The impact of risk management measures on the concentrations of per- and polyfluoroalkyl substances in source and treated drinking waters in Ontario, Canada

By Sonya Kleywegt, Melanie Raby, Stephanie McGill, and Paul Helm
Sci. Total Environ.
August 25, 2020
DOI: 10.1016/j.scitotenv.2020.141195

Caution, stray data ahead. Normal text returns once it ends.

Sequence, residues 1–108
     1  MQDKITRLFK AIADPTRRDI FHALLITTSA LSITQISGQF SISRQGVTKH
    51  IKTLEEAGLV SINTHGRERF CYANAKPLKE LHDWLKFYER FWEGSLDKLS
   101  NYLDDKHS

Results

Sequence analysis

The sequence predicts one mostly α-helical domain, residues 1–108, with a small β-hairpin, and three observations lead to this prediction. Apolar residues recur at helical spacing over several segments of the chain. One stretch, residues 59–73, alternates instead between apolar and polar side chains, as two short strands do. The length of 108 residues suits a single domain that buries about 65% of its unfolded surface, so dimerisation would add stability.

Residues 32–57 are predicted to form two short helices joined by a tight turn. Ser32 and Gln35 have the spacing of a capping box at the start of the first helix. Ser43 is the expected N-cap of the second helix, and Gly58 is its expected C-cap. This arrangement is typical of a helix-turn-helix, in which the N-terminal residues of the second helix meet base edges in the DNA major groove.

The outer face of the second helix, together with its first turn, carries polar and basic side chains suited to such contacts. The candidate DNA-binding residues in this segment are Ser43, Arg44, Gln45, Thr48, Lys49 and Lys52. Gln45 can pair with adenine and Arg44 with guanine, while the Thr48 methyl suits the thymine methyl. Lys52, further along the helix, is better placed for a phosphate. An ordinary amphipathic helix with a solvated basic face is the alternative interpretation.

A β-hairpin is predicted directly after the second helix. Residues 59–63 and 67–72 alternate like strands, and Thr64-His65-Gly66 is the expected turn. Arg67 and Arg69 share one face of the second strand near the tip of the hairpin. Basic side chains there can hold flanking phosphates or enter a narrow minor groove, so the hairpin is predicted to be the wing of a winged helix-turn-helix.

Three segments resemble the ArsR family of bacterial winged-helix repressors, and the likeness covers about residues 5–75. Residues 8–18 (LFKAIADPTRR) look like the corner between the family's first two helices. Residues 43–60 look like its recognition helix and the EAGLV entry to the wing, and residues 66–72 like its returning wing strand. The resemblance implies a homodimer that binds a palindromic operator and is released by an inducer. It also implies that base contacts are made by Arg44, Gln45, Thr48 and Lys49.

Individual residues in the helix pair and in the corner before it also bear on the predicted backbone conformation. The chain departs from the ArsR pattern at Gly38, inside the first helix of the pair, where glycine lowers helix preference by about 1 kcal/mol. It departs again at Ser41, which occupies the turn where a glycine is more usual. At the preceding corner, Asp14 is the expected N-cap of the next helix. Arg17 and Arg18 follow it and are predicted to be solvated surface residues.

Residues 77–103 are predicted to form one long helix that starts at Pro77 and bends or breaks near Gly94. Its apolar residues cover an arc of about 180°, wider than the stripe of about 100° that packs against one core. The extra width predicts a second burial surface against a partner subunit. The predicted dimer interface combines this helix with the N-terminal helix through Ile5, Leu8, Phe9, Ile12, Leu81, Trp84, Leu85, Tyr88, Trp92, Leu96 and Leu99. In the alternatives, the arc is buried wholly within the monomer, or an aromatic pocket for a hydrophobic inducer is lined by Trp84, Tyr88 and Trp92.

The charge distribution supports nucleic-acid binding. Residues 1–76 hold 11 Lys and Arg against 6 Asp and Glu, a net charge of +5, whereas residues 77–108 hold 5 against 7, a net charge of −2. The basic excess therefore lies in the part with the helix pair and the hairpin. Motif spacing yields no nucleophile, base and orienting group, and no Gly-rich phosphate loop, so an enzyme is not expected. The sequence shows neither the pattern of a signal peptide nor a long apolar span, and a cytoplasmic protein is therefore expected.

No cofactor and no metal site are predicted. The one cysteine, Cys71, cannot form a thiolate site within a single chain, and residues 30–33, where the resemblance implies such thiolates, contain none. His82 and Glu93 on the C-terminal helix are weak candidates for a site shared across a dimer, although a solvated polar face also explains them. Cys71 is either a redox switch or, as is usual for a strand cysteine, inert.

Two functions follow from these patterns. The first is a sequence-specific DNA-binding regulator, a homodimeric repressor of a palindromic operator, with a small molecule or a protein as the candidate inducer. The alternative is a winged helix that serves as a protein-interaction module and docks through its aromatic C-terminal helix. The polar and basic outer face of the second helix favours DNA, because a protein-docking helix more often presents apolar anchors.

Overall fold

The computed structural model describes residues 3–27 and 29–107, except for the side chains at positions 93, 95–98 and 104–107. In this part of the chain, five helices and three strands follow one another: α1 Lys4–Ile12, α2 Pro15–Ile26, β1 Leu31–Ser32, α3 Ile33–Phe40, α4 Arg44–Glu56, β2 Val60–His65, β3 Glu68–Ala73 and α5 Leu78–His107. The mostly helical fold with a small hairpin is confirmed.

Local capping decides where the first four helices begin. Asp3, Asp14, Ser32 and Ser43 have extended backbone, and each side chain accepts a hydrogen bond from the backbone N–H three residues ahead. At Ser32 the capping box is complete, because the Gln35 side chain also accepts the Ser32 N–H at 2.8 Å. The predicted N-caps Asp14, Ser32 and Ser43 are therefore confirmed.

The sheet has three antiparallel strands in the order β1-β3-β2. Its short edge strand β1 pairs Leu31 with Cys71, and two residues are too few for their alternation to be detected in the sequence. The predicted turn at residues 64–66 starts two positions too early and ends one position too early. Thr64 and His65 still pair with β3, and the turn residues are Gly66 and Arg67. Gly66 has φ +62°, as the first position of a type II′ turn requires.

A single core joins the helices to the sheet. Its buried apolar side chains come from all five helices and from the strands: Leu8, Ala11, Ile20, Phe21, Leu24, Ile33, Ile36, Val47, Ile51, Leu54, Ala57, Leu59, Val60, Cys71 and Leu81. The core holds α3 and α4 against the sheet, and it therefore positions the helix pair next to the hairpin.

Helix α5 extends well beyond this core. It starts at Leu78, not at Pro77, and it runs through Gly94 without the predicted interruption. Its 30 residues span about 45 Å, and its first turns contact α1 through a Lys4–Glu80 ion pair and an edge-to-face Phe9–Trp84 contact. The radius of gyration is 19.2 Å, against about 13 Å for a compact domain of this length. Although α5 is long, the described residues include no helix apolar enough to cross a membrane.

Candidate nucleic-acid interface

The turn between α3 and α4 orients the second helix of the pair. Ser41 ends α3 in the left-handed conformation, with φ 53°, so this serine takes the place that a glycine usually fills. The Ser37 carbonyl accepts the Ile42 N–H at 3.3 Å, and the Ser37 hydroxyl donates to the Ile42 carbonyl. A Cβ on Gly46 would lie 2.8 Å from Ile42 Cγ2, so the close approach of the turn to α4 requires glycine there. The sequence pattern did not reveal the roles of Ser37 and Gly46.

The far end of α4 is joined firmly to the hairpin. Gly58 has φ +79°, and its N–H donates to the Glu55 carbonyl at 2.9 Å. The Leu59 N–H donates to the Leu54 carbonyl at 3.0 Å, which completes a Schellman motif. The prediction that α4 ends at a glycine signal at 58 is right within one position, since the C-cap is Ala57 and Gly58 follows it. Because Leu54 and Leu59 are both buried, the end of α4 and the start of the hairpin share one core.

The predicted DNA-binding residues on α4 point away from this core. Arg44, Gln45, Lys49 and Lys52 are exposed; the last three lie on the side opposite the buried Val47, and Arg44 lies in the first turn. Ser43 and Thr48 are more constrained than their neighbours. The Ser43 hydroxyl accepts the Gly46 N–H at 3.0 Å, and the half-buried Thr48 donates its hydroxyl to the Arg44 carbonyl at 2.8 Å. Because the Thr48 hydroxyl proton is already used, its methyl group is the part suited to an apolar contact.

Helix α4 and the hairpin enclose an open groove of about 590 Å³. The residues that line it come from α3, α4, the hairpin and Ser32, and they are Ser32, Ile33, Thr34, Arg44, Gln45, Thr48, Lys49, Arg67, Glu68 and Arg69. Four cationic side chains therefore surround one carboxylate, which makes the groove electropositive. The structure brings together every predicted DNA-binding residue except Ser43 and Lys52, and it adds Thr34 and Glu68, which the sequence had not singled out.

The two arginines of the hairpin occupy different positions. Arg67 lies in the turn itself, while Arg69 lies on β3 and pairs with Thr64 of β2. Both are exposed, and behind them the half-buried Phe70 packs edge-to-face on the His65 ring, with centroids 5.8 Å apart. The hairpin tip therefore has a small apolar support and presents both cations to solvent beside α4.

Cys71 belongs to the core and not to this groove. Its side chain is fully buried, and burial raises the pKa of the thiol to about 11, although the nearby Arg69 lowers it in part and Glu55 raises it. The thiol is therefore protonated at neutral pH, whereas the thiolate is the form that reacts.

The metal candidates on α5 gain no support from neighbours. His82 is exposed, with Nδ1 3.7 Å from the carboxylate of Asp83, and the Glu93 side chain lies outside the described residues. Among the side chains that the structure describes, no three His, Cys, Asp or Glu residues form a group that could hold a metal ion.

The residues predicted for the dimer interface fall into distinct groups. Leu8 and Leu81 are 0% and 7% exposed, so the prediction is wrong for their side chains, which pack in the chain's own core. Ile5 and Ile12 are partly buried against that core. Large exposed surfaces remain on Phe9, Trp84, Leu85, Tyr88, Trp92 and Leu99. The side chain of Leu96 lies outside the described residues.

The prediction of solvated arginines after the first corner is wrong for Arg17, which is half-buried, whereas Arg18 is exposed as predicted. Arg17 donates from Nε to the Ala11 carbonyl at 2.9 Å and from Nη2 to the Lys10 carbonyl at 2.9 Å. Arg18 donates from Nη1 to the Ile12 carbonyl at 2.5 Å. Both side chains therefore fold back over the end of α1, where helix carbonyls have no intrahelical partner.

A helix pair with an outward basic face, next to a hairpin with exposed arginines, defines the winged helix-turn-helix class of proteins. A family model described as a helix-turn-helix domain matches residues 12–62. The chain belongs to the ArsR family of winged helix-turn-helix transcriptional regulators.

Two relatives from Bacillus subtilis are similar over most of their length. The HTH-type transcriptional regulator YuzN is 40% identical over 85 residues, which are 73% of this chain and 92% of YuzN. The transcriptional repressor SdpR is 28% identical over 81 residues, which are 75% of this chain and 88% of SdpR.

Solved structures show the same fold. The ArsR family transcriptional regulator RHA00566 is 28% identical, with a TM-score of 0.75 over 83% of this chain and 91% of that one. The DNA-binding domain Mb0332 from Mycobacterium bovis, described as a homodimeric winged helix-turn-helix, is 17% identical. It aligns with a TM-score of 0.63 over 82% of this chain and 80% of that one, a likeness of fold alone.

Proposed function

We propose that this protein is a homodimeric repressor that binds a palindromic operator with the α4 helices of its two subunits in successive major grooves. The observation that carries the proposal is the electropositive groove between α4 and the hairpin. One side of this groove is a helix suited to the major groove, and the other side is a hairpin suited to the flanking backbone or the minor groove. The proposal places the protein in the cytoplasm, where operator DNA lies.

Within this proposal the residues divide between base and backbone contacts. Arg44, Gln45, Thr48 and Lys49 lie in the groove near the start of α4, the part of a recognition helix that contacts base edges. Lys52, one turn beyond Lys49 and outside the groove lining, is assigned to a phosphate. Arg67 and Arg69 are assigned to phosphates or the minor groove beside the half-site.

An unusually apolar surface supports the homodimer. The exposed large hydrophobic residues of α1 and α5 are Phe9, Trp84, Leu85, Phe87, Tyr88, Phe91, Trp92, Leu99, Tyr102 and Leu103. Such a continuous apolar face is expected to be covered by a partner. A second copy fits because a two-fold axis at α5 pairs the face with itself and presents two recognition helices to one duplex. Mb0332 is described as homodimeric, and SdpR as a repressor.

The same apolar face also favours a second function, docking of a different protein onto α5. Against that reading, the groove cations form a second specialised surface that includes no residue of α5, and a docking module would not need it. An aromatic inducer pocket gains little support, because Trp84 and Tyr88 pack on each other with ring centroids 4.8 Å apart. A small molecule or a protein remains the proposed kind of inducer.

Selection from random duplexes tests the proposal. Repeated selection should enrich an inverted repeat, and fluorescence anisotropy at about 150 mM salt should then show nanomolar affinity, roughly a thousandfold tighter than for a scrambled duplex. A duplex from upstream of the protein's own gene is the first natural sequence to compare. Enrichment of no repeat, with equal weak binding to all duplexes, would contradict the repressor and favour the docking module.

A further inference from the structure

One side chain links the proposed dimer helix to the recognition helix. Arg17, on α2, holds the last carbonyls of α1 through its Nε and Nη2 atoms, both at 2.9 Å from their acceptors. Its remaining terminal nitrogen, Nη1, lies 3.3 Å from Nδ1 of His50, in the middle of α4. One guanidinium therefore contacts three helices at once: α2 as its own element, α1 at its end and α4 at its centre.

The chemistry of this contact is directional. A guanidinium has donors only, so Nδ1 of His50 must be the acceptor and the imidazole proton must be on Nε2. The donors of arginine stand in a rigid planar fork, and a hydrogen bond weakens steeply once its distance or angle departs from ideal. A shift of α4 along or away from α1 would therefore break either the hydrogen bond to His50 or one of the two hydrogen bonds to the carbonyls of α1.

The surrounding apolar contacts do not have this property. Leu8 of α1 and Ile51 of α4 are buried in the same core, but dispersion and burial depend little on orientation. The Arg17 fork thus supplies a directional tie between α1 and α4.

Risk management measures (RMMs) are a broad set of tools used in global treaties and national regulations to manage, ban or restrict the use of toxic chemicals. Per- and polyfluoroalkyl substances (PFAS) are a group of chemicals that are persistent, bioaccumulate, biomagnify and are inherently toxic to the environment and human health. For these reasons global RMMs have been imposed on the manufacture and use of select PFAS. To evaluate the occurrence and potential current risk of PFAS in the Ontario environment, PFAS were quantitatively measured in source waters pre- (2005-2007) and post- (2012-2016, 2018-2019) implementation of RMMs. Source water samples were collected pre- (n = 105), and post-RMMs (n = 326) from lake, river and groundwater and analyzed for up to 14 PFAS. Pre-RMMs, the most frequently detected PFAS in source water were perfluorooctanoic acid (PFOA; 83%) and perfluorooctane sulfonate (PFOS; 76%) followed by perfluorohexane sulfonate (PFHxS; 47%) and the maximum ∑PFAS was 42.1 ng/L. Post-RMMs, the maximum ∑PFAS (which includes PFOS) was statistically significantly reduced to 15.5 ng/L, well below the Federal Environmental Quality Guidelines for PFOS. To evaluate post-RMMs risk to human health, 226 drinking water samples were collected from 25 drinking water systems with conventional and advanced treatment. All individual (or ∑PFAS) concentrations are well below current and proposed Health advisory levels or regulatory guidelines/standards for PFAS in drinking water with calculated Risk Quotients (RQ) <0.02. This survey indicates that the implementation of RMMs for select PFAS have made a significant difference to the concentrations detected in source waters in Ontario, Canada.

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